So I'm slowly loosening my grip on my safety net and letting excitement take over--and believe me, excitement is an incredibly insufficient word to explain the lump in my throat and tightness in my stomach. But explanations can wait, I guess. I have goodbyes to say, favorite meals to eat, and last-minute haircuts to schedule. And maybe I'll get started on that packing.

Thursday, March 19, 2015


Hello there! Might I commend you on your excellent taste in blogs?

Communing With The Ages is the title of the project I will be undertaking as a recipient of the Thomas J. Watson Fellowship for 2015-2016. For more information on the Thomas J. Watson Fellowship, click here. There are many other fantastic Fellows, and I highly recommend you check out the site.

I presented my Fellowship to the Watson Foundation thusly: My Watson Year will be an exploration of the sacred object from the point of view of an art conservator. All over the world, traditions nurture their spirituality and preserve their identity through the care of objects. The need for discretion and cultural awareness is paramount among conservators, because the power and meaning of sacred objects is based on the interaction between object and viewer. Whether this interaction occurs through visual or physical contact, sacred objects have a quality of “interactivity” that relies on understanding the object’s power, spirituality, and continuing significance to a spiritual community. I am captivated by objects that rely on interaction to maintain meaning and by the challenges caring for them presents. How can conservators, who are trained as artists and scientists, learn to revere objects properly, if our goal is to care for them analytically? In the end, this is the goal of my Watson year: to engage with and learn from sacred objects and the people who care for and venerate them to understand how sacred objects are relevant in a modern world.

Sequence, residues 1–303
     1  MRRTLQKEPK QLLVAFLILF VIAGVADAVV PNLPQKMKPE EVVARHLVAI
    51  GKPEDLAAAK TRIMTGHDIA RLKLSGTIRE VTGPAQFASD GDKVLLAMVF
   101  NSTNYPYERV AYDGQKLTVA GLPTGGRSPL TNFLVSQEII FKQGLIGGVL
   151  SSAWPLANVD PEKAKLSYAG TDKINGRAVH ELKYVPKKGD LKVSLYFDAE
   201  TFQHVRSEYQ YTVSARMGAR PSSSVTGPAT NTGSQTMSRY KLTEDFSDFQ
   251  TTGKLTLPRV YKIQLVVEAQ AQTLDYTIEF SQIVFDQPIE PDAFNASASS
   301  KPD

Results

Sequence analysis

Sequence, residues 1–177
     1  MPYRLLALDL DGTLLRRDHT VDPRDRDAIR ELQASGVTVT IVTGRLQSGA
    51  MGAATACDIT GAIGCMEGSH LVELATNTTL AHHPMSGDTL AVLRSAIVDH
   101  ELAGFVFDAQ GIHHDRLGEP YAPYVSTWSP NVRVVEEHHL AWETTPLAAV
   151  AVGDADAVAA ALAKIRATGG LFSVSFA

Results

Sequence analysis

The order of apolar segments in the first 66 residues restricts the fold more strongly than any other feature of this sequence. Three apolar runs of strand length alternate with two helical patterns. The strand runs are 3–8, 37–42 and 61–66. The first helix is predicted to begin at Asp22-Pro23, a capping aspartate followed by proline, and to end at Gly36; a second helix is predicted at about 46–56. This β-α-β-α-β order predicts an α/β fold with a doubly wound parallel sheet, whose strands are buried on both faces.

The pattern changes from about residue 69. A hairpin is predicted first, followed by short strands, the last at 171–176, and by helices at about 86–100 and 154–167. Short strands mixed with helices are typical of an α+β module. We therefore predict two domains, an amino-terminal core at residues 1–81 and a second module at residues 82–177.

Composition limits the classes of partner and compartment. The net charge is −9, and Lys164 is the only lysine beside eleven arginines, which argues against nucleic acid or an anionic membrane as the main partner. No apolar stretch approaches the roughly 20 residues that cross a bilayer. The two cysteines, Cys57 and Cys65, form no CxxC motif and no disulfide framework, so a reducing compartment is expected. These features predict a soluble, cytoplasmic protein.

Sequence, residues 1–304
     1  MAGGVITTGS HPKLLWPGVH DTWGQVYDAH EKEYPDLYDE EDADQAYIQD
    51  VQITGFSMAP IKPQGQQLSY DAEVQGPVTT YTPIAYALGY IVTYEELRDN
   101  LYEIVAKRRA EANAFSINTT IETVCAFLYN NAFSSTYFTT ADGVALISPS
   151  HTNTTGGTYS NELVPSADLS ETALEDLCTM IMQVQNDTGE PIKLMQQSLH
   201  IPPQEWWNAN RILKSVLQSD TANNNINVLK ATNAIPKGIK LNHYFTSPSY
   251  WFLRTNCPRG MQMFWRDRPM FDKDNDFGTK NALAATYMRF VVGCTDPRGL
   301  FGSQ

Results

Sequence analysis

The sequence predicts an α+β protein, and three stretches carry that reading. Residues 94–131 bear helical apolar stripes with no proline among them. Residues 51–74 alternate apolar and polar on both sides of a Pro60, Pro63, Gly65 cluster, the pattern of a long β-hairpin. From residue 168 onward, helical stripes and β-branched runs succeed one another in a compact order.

To accomplish my exploration, I will be outside of the U.S. for 12 consecutive months, travelling to Spain, Turkey, Japan and India. I do not leave for my year of exploration until early July, 2015, so it is unlikely that I will be updating this blog until then (unless plans change drastically.) So, until July!